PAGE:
Growing role for single-chip processors in handsets

1 min read Networks & Network Services
The predicted demise of dedicated, single-chip solutions for mobile phones has been exaggerated, according to ABI Research vice president Kevin Burden.

“The push in recent cellular handset design has also been to combine as many radios as possible on a single chip. These multi-function combo integrated circuits (ICs) have gotten all the attention lately. But standalone ICs still have a very significant place in this market.”

Baseband and connectivity processors are the two components where single-chip ICs shine. Single-chip baseband processor ICs made up just 19% of all baseband processors shipped in 2009, but by 2015 that percentage will have grown to 47%, for a CAGR of more than 21%, according to ABI Research’s latest forecast.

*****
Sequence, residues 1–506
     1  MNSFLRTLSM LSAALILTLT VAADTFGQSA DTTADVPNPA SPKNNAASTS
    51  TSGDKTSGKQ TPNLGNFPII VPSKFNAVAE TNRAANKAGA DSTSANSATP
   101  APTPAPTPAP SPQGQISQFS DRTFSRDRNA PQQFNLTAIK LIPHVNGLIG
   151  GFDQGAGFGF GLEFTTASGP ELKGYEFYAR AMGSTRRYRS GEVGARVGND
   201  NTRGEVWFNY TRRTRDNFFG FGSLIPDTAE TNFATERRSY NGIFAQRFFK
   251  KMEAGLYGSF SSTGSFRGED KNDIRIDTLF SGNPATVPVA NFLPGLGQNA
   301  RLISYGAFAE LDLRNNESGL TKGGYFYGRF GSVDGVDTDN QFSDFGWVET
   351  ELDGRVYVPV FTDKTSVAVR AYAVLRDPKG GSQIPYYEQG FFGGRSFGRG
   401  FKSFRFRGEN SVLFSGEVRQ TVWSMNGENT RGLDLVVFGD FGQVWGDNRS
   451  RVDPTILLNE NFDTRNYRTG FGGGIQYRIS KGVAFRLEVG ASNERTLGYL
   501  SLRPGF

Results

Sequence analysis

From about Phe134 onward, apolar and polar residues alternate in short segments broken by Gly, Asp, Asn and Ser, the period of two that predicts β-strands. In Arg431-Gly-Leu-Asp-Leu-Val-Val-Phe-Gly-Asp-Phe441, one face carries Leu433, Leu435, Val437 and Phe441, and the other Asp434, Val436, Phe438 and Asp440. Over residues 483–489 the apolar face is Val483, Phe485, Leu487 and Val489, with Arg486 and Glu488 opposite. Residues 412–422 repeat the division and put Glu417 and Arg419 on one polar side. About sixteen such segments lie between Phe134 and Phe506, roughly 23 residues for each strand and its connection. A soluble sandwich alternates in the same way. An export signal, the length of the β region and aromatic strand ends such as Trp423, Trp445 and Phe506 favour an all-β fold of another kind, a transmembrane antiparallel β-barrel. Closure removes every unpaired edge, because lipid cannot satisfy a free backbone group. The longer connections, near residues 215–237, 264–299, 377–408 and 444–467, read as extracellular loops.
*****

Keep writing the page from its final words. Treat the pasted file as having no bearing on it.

Similarly standalone ICs for connectivity, while losing some ground to combination ICs over time, will still make up 59% of shipments in 2015.

“Partly the continued popularity of standalone IC is due to growth in the low-end handset market, where they are more common than Combo ICs,” notes Burden. “But the smartphone market too (particularly with the spectacular rise of Android-based devices) has a continuing need for standalone ICs in order to boost the performance of selected features, as a way of differentiating one’s product from the competition.”

Different sets of vendors stand to benefit from these sustained single-chip markets: for baseband processors these would include Infineon Technologies, ST-Ericsson, Qualcomm, and MediaTek. Connectivity chips are made by companies such as TI, CSR, and Broadcom.